- Public health officials did not push for five-year prison terms and $66,000 fines for those who breach Australia’s new India travel ban, Chief Medical Officer Dr Paul Kelly said.
- Federal Government officials said the brutal penalties were built on guidance from Australia’s health experts, who suggested severe measures to shield Australia from India’s COVID-19 disaster.
- But on Monday, Dr Kelly told RN Breakfast he “didn’t advise anything in relation to fines or any of those other matters”, instead pointing to the government’s utilisation of the Biosecurity Act.
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Australia’s chief medical officer says he was not behind the Federal Government’s decision to penalise Australians returning from India with up to five years in prison or a $66,000 fine, despite government figures saying the drastic travel ban was enacted on public health advice.
From Monday morning, anyone who was in India within 14 days of their departure will be banned from entering Australia.
Health Minister Greg Hunt revealed the potential punishments late on Friday night, saying the overwhelming number of new COVID-19 cases sweeping India pose a risk to Australia’s embattled hotel quarantine system.
Hunt said the Federal Government would utilise “emergency determination” powers enshrined in the Biosecurity Act, which enable the government to enforce hefty prison sentences and fines for anyone who breaches the travel ban.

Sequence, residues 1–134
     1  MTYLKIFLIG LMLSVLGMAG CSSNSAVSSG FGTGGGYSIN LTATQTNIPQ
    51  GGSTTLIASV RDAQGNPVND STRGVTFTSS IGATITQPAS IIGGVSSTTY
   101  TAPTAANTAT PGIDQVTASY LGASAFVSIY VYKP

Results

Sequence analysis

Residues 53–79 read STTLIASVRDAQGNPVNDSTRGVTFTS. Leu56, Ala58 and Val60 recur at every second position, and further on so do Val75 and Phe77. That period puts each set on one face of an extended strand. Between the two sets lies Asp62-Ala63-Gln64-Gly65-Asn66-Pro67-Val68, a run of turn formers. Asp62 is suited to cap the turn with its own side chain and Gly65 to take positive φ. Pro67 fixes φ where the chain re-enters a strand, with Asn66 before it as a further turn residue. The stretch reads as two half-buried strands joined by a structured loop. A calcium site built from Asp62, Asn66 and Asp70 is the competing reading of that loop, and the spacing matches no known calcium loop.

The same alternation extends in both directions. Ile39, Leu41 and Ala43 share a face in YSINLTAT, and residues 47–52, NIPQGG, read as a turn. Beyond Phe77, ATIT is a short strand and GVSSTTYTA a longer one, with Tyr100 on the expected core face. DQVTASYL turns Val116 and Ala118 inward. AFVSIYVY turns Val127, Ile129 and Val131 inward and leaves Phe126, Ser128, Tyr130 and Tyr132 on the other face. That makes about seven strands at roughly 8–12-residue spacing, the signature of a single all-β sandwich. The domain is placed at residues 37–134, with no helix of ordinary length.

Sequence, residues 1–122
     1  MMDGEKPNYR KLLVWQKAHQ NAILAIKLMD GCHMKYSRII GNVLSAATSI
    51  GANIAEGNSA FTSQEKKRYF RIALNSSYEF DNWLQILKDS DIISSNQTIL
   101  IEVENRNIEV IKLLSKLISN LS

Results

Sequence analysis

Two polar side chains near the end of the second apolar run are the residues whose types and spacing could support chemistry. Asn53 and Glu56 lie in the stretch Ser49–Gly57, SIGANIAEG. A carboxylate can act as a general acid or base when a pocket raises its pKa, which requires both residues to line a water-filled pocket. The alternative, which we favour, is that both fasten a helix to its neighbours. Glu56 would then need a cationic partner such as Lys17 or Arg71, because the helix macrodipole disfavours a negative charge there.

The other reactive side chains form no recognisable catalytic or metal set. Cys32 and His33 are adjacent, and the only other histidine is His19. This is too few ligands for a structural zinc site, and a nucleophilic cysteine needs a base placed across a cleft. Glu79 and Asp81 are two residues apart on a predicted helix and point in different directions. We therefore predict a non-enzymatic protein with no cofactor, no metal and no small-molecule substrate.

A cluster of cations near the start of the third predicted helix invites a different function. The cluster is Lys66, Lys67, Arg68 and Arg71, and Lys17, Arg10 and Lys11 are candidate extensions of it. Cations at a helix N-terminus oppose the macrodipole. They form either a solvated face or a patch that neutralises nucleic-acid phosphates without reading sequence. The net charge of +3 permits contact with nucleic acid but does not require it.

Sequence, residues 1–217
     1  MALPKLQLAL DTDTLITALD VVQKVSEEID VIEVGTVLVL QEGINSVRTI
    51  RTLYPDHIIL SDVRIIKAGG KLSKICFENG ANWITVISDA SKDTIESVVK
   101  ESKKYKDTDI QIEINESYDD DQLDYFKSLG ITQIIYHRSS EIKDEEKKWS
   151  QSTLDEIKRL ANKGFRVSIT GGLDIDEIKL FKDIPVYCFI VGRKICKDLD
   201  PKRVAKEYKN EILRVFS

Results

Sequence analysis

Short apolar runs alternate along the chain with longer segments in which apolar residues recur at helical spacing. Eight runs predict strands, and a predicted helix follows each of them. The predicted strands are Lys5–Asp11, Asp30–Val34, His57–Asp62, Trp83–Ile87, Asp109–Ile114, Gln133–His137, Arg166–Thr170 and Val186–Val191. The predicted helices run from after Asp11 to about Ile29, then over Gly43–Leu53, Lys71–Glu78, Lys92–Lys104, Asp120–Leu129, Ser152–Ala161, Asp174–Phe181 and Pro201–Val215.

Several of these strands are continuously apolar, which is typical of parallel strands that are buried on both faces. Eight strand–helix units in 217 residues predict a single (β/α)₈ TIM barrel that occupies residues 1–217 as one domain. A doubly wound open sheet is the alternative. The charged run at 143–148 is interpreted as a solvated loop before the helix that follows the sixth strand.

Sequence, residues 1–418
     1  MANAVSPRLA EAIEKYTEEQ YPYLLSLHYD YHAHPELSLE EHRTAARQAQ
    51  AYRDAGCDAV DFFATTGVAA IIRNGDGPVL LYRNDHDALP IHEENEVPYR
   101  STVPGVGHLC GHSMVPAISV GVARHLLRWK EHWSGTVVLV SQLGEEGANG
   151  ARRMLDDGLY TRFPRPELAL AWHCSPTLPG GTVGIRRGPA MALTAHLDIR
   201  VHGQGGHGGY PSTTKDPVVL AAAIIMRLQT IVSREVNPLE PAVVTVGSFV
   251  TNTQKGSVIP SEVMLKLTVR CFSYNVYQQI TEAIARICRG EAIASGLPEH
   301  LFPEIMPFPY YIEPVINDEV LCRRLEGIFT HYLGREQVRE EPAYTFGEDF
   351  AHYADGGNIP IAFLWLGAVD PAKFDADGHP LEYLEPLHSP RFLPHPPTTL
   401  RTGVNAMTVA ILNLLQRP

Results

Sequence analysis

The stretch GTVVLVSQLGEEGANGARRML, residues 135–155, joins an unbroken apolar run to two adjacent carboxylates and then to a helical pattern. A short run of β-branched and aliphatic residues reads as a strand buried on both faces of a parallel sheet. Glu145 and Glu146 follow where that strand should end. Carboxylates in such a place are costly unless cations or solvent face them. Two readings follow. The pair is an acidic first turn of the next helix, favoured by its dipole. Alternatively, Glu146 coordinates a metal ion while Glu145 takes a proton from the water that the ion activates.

The ban will run until May 15 at the earliest, pending further public health advice.
The decision has faced heavy condemnation.
Human rights groups say the decision to ban Australian citizens from returning home violates human rights agreements and shows an “utter disregard and contempt” for those stranded in India.
Federal Opposition leader Anthony Albanese said the Federal Government must justify the “extraordinary” decision to threaten Australians with prison time for returning home, and questioned why India was targeted while similar bans were not instituted when new infections peaked in the US and UK.
But the Federal Government has defended its stringent policy, saying it is based on public health guidance.
On Saturday, Treasurer Josh Frydenberg said “the medical advice provided to the federal government has been to put in place these strict measures.”
Foreign Minister Marise Payne echoed the same sentiments yesterday, saying the ban, and its attendant punishments, were “made under the Biosecurity Act on the basis of the advice of the Chief Medical Officer.”
Chief Medical Officer Dr Paul Kelly appeared to push back on those assertions Monday, confirming the decision to institute the ban was based on his department’s advice — but prison time and five-figure fines were not direct recommendations.
“In terms of the fines and so forth, they’re in the Biosecurity Act as offences under the Act, so there there was no advice given in relation to fines or jail terms, that’s just how the Biosecurity Act works,” Dr Kelly told RN Breakfast Monday morning.
“I didn’t advise anything in relation to fines or any of those other matters, that is the law,” Dr Kelly subsequently told ABC News Breakfast.
When pushed on the matter by News Breakfast host Madeleine Morris, Dr Kelly again pointed to Hunt’s discretion on potential penalties.
“The Act is very explicit that the minister must be satisfied by those things that I mentioned,” he said.
While distancing his department from the severe punishments in store for those found to have breached the ban, Dr Kelly defended the new decision to bar travellers from India but not those returning from America at the height of US infections.
India yesterday recorded its highest daily COVID-19 death toll, counting nearly 3,700 deaths from the virus.
The nation tallied a further 392,488 new cases over the 24-hour span, bringing the total figure to some 19.5 million confirmed cases.